Projectile comparison using ICC

Discussion in 'Reloading' started by matlock, Dec 21, 2006.

  1. matlock

    matlock New Member

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    Question to 'Vern Junke Internal Concentricity Comparator' owners. Has anyone compared the accuracy using "junk" standard projectiles (greater than 15 deviation units) compared with "hummer" standard projectiles" (less than 5 deviation units) using exactly the same brass with all other variables kept to a minimum (that includes case neck concentricity, neck thickness, powder weights, etc).
     
  2. BountyHunter

    BountyHunter Writers Guild

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    Yes, that has been done time and time again. That is why you have many of the top guys using the Juenkes. Most will sort to 3 deviation units.

    Each machine is slightly different. I keep a round or case for each caliber and bullet in small tubes their inital DU markings on them. That way it is easy to re zero the machine to that bullet and readings.

    You will find that many competitors number each case and sort by DU. If you are firing at a range with pits, the pit crew marks on a plotting sheet the location of each round. So it is relatively easy to see which case threw a round out. That is how we learned to use the Juenke for cases and I have watched the same case "throw" a round out of the group three times in a row before it was discarded.

    The Hoover family in PA sorts cases by chrono readings and has won more matches that anyone else remotely being close.

    Most will anneal cases every 2-3 firings, seat with arbor presses by "feel" or with a dial indicator for pressure on top. They always check runout and only .001 or less will make a match round.

    Anyone can fire a tight group once in a blue moon and post about their gun shooting in the .2s. However, most cannot do it back to back. Consistency of all variables is the key.

    I do not use the Juenke on BIB bullets or Clinch Rivers, but I do sort by ogive just for comfort sake, even though they are normally max variance of .003 or less.

    BH
     

  3. Mikecr

    Mikecr Well-Known Member

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    Why measure cases on a it?
     
  4. BountyHunter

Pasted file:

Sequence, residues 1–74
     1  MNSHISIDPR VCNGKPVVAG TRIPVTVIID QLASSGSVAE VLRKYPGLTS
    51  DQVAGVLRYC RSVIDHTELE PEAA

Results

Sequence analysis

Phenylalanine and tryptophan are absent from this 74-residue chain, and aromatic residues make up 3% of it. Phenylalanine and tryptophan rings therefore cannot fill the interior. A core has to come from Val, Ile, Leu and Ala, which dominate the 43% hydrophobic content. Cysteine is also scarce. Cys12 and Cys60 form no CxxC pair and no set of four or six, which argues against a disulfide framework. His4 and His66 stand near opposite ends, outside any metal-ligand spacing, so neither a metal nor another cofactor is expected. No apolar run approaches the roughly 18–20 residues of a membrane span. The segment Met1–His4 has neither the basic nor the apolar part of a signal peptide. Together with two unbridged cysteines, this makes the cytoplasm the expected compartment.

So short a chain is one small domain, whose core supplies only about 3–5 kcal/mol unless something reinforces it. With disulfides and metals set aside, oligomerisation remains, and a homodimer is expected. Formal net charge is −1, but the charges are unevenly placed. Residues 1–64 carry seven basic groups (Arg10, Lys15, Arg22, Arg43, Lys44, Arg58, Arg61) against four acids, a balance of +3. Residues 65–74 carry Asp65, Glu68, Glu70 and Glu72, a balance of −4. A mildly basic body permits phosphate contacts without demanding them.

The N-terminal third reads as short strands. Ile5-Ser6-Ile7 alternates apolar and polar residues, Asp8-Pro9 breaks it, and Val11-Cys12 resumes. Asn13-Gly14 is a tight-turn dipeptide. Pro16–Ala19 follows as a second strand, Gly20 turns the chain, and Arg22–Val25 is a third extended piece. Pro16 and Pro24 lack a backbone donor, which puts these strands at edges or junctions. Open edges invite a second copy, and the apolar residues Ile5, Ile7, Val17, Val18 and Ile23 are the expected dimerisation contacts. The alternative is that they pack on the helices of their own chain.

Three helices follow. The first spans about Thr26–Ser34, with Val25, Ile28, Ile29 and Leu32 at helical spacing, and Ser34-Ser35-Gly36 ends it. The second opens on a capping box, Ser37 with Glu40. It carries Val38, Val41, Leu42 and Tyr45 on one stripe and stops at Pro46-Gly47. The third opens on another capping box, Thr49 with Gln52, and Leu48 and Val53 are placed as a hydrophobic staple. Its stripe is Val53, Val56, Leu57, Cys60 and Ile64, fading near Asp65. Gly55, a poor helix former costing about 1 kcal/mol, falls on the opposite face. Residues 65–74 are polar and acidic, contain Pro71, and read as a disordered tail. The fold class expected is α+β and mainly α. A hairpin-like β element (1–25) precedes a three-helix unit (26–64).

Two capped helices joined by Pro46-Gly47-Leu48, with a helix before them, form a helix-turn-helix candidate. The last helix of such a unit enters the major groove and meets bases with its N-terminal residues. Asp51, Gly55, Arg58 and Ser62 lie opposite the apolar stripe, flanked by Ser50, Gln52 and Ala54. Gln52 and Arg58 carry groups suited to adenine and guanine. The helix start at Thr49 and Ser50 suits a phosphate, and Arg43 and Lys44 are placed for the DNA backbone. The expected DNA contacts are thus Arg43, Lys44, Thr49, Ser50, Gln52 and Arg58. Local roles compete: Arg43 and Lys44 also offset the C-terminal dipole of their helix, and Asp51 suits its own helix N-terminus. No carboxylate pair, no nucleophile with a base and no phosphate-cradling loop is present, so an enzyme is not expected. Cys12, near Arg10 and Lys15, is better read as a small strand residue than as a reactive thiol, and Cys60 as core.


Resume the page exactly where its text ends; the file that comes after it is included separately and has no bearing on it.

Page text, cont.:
BountyHunter Writers Guild

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    The Juenke seems to be able to allow you to sort cases by Deviation Units (DU. As I said, I have seen the same case that weighs exactly the same to .010, lenght, same lot etc throw a round out of a group three times in a row. When that case was put on a Juenke, it was about 12-13 DUs from the othes in that string.

    BH
     
  5. Mikecr

    Mikecr Well-Known Member

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    I only measure bullets on a Juenke. It shows bullet jacket thickness variance, and sometimes internal voids. I use a Buhay bullet comparator for dimension checks.
    In my view, it's valuable for identifying bullets with internal flaws. Thats it.
    But as Bountyhunter said, w/regard to precision shooting, high deviation bullets really do depart from low DU bullets.

    While I have no doubt DUs might indicate higher on flyer causing, crappy CASES measured on it, there are better tools for brass:
    H20 capacity checks for variance in volume.
    A neck mic for thickness variance.
    A concentricity gauge for runout.
    I would think anyone competing would use these tools anyway.
    But I don't compete, so don't know for sure.
     
  6. BountyHunter

    BountyHunter Writers Guild

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    Mikecr

    You are correct, we always use the neck mikes and neck turn normally. We always check runout too and the dies are set up to minimize that to begin with. Neck tension is tightly controlled and annealing is the norm.

    The Juenke IMO spots variances a lot easier and more accurately than the H20 way.

    Each has his own "black magic" system of reloading that he/she is comfortable with.

    BH